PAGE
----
Bakari Sellers’s new book follows ‘vanishing’ opportunity

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The former South Carolina state representative writes about his roots in working-class black communities of the South

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Bakari Sellers

Bakari Sellers — the son of civil rights leader Cleveland Sellers — grew up believing, as he puts it, that “regardless of what you look like, or where you came from, who you loved, who you pray to in this country, you could reach and fulfill your ultimate promise.” 

Since then, Sellers has seen that optimism fading.

“I’m a country boy growing up in the rural South — what used to be an epicenter of economic growth and development,” Sellers told Jewish Insider in a recent interview. “These small towns throughout the country, particularly throughout the South, are now diminishing and vanishing right before your eyes.”

At age 22, Sellers made history as the youngest elected African American in the U.S., representing South Carolina’s 90th House District. Now the 35-year old CNN political commentator has written a book — My Vanishing Country, published this week. Part cultural and social analysis, part memoir, the work puts Sellers’s life story into the context of declining prosperity for the black working class in the rural South.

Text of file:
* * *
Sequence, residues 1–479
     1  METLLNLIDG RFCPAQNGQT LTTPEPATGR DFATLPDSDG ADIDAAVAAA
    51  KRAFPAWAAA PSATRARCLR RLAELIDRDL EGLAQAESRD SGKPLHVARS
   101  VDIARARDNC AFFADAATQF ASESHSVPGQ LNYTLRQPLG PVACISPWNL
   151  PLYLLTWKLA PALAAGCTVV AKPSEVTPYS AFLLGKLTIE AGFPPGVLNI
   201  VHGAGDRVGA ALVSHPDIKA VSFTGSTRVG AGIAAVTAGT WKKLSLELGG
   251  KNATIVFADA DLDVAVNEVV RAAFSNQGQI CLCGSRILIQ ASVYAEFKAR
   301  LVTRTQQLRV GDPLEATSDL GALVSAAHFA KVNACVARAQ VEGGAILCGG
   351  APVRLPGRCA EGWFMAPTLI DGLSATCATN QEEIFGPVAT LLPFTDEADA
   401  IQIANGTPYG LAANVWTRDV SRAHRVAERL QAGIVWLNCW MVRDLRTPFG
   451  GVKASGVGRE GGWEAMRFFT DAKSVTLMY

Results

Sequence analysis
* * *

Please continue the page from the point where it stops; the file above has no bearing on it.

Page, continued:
“The spirit of hope for those communities is disappearing,” Sellers explained. “The dreams… and the promises that this country stands for, for many individuals — especially people of color, immigrants, people from poor areas throughout this country — are no longer attainable.”

“‘Life, liberty, the pursuit of happiness’ are more fiction than anything else,” the former South Carolina state representative lamented, challenging the country “to be a more perfect union.”

The book’s publisher, HarperCollins, likens its impact to “What J. D. Vance did for Appalachia with Hillbilly Elegy.” Like Vance, Sellers describes a working-class population falling further and further behind. But in addition to the economic, political and geographic inequities found in both accounts, Sellers grapples with the racial discrimination holding back black working-class communities.

“I want to be able to have conversations about race and around race — conversations that are filled with compassion and empathy,” said Sellers. “I am hopeful that everyone reads this book with an open mind and open heart.”

Over the past month, Sellers has spoken up about the impact COVID-19 has had on his home community. In recent interviews, he emphasized how pre-existing inequalities — including access to food and medical care — have become more apparent during the crisis. Speaking with JI, Sellers called on both the public and private sectors to “do better,” citing leaders who he sees as setting good examples including entrepreneur Mark Cuban, Mayors Randall Wilson, Frank Scott and Steve Benjamin; and Govs. Gavin Newsom, Charlie Baker and Larry Hogan. 

Baker and Hogan, the governors of Massachusetts and Maryland respectively, Sellers called “Republicans who apparently still believe in things like science and facts,” adding, “It’s people who believe in science versus everybody else.”

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